What is a Cloud Security Gateway (CSG)?

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Cloud security gateways (CSGs), also known as cloud access security brokers (CASB), are on-premises or cloud-hosted security software that act as a policy enforcement point between an enterprise and cloud applications that employees use. CSGs provide IT security teams visibility into cloud service usage and cloud-centric security capabilities that mirror the controls enterprises deployed to protect their data in on-premises applications including data loss prevention, user and entity behavior analytics (UEBA), encryption, access control, and more.

Key Requirements of Cloud Security Gateways

1. Visibility

While cloud adoption continues to rise, enterprises are finding that simply blocking cloud services from being used isn’t sufficient. With the explosive growth of available cloud services, when an organization blocks one cloud service, employees frequently respond by seeking out lesser-known, potentially riskier alternatives that can end up exacerbating the problem.

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And while the IT department may have visibility into sanctioned/permitted cloud services, they lack the needed visibility into the scope of shadow IT cloud service use. They often do not know, for example, who is using which cloud services, what kind of data is going to each cloud service in use, with whom that data is being shared with, and which devices are accessing it and from where.

These organizations turn to CSGs to solve this problem. CSGs provide continuous visibility into both sanctioned and unsanctioned (shadow IT) cloud usage. This visibility extends to the data retention policies of each unsanctioned cloud service, how much data is being uploaded/downloaded to a cloud service, whether the service provider can encrypt data at rest or in transit, and an overall security risk score for each cloud service in use. Enterprises use the cloud service risk score to evaluate and select cloud services that meet their security and compliance requirements, thereby streamlining the process of cloud service adoption.

2. Compliance

Employees routinely upload sensitive and regulated data to the cloud. In the past, organizations relied on on-premises data loss prevention (DLP) solutions to protect that data from leakage via email and ensure they remained compliant with internal policies and external regulations. CSGs extend these on-premises DLP controls to the cloud so that enterprises can prevent certain types of sensitive data from being uploaded to high-risk cloud services or being shared from trusted cloud services to third parties.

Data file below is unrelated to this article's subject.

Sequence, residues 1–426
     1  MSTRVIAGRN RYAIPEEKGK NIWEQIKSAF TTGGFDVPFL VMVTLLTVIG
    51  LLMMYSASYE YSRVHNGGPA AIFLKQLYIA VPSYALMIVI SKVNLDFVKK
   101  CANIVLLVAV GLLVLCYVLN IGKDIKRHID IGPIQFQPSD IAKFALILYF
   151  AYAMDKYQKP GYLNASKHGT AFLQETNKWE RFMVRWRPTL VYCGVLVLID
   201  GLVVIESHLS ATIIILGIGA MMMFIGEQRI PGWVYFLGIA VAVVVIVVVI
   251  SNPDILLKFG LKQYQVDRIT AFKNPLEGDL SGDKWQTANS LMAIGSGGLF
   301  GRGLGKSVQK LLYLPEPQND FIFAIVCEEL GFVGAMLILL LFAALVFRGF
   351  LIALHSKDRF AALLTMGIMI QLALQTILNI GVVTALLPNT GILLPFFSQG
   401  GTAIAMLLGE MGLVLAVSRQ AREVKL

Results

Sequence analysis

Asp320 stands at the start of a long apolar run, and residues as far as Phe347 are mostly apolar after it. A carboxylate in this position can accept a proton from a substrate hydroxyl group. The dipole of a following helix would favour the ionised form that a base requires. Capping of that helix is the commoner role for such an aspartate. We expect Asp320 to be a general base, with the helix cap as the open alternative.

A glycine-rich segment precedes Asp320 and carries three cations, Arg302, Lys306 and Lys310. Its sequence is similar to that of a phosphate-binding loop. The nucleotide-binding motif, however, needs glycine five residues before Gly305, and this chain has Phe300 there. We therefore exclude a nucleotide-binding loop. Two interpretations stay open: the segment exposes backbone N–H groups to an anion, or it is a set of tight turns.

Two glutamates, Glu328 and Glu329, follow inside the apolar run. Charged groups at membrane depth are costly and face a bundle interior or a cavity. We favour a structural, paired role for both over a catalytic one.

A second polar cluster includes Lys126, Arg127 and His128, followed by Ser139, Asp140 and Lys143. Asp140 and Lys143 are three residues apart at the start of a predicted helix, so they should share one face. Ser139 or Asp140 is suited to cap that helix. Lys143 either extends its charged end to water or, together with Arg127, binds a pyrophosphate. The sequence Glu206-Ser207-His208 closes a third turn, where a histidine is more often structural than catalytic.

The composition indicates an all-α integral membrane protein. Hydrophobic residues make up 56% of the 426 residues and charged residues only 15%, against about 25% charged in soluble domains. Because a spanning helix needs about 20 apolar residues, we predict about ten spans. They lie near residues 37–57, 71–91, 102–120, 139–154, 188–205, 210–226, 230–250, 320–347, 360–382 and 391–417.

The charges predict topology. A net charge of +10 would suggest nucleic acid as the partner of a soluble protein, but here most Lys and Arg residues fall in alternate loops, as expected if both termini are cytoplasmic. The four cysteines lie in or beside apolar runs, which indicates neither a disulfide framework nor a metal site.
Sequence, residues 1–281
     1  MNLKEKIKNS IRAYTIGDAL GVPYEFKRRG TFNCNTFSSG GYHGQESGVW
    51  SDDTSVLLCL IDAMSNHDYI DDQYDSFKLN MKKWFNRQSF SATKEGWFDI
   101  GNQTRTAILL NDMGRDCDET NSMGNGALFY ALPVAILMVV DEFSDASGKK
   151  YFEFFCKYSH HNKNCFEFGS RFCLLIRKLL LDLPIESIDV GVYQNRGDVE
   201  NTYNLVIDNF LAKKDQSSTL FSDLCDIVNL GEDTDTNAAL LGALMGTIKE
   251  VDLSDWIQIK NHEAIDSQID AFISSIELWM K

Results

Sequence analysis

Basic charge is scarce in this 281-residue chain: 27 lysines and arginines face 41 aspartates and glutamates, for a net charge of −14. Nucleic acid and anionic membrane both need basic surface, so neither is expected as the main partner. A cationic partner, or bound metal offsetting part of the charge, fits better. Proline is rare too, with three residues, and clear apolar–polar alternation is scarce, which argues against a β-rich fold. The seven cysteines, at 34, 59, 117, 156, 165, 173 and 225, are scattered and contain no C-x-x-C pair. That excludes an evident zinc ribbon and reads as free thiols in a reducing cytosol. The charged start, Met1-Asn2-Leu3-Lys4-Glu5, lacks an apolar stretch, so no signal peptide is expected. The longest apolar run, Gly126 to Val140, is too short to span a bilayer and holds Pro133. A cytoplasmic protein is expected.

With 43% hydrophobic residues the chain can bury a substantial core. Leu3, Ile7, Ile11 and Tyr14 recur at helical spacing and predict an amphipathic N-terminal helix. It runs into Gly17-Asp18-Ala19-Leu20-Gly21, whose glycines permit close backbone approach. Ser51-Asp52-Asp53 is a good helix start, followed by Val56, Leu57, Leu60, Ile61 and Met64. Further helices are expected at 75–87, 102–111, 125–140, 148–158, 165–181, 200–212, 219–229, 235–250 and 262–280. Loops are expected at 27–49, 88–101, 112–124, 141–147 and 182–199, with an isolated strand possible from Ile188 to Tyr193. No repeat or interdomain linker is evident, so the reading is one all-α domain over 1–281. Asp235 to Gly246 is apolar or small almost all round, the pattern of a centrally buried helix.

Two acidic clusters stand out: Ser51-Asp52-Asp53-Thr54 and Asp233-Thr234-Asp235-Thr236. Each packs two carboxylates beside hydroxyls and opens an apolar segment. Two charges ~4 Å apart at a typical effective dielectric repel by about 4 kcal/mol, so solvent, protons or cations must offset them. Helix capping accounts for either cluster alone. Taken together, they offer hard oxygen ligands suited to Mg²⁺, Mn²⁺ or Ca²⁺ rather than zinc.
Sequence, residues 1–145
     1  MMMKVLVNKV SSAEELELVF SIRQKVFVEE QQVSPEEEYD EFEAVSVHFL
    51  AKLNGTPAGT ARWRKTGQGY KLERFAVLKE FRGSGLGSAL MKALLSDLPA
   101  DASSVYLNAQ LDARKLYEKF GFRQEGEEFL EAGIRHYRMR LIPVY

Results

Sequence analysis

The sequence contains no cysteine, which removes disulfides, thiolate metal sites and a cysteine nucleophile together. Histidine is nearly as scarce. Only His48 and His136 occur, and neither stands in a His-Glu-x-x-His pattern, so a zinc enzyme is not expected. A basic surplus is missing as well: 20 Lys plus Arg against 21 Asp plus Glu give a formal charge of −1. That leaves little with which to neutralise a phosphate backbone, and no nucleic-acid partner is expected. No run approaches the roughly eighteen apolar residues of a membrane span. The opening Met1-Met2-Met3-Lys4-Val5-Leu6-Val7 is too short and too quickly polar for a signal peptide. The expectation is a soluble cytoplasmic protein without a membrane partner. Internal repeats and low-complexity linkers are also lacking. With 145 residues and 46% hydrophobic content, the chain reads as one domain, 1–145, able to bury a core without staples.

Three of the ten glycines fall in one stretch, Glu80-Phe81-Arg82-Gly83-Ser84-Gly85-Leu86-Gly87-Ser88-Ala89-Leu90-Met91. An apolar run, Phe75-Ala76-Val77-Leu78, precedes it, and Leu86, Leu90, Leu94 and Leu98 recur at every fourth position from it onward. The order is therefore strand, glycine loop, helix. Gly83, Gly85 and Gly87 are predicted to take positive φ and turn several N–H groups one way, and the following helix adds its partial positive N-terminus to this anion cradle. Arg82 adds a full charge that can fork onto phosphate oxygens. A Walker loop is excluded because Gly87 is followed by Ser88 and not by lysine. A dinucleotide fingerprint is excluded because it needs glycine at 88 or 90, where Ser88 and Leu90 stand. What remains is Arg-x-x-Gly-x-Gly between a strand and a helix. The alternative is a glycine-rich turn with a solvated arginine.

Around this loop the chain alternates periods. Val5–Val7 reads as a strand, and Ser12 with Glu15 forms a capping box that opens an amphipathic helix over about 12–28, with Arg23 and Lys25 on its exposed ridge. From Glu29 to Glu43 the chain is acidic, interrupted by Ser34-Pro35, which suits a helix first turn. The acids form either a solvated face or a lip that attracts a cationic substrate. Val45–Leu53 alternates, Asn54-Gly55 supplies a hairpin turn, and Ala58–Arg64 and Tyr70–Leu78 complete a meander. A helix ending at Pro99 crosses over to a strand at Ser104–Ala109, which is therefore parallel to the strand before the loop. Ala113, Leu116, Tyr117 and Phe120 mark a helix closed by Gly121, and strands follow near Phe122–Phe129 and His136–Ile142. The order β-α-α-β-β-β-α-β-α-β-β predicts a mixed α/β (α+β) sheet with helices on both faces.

CSGs also provide a unified, cross-cloud DLP policy engine, incident reporting, and remediation workflow that ensure a consistent set of controls across cloud services. The cloud DLP capabilities of CSG can protect a broad range of sensitive and regulated data including payment card data (PCI-DSS), protected health information (HIPAA-HITECH), intellectual property, and personally identifiable information.

3. Threat Protection

One of the core capabilities of a CSG is threat protection. This capability is essential because cloud usage occurs outside the scope of conventional enterprise threat protection solutions, such as intrusion prevention solutions (IPS) and security information and event management (SIEM) systems. Additionally, the rise of social engineering and the resulting compromised accounts have become one of the leading causes of security failures.

CSGs analyze cross-cloud user behavior patterns to identify both malicious and negligent insider threats, as well as external threats such as compromised accounts. Effective threat protection uses machine learning to build behavior models for all employees and create baselines for each. Any activity that deviates from this baseline is then flagged as a threat if it reaches a certain threshold.

There are four primary CSG deployment modes that provide coverage for different users, devices, and access scenarios:

  • Log collection – consuming event logs from existing infrastructure such as firewalls, secure web gateways, and SIEMs.
  • Forward Proxy – inline deployment between the endpoint and cloud service in which the device or network routes traffic to the CSG proxy.
  • Reverse proxy – inline deployment between the endpoint and cloud service in which the cloud service or identity provider routes traffic to the CSG proxy.
  • API – direct integration of the CSG and cloud service. Depending on cloud provider APIs, the CSG can view activity, content, and take enforcement action.

4. Data Security

As enterprise data is transferred to the cloud and employees access data from off-network locations and unmanaged devices, they circumvent existing security technologies. CSGs provide an additional layer of security such as encryption, access control, etc.

Mature CSGs can provide end-to-end structured and unstructured data encryption to data being uploaded to a cloud service and data already in a cloud service. These solutions also allow the enterprise to control the encryption keys used to protect data in the cloud and integrate with KMIP-compliant key management solutions to broker the use of enterprise keys.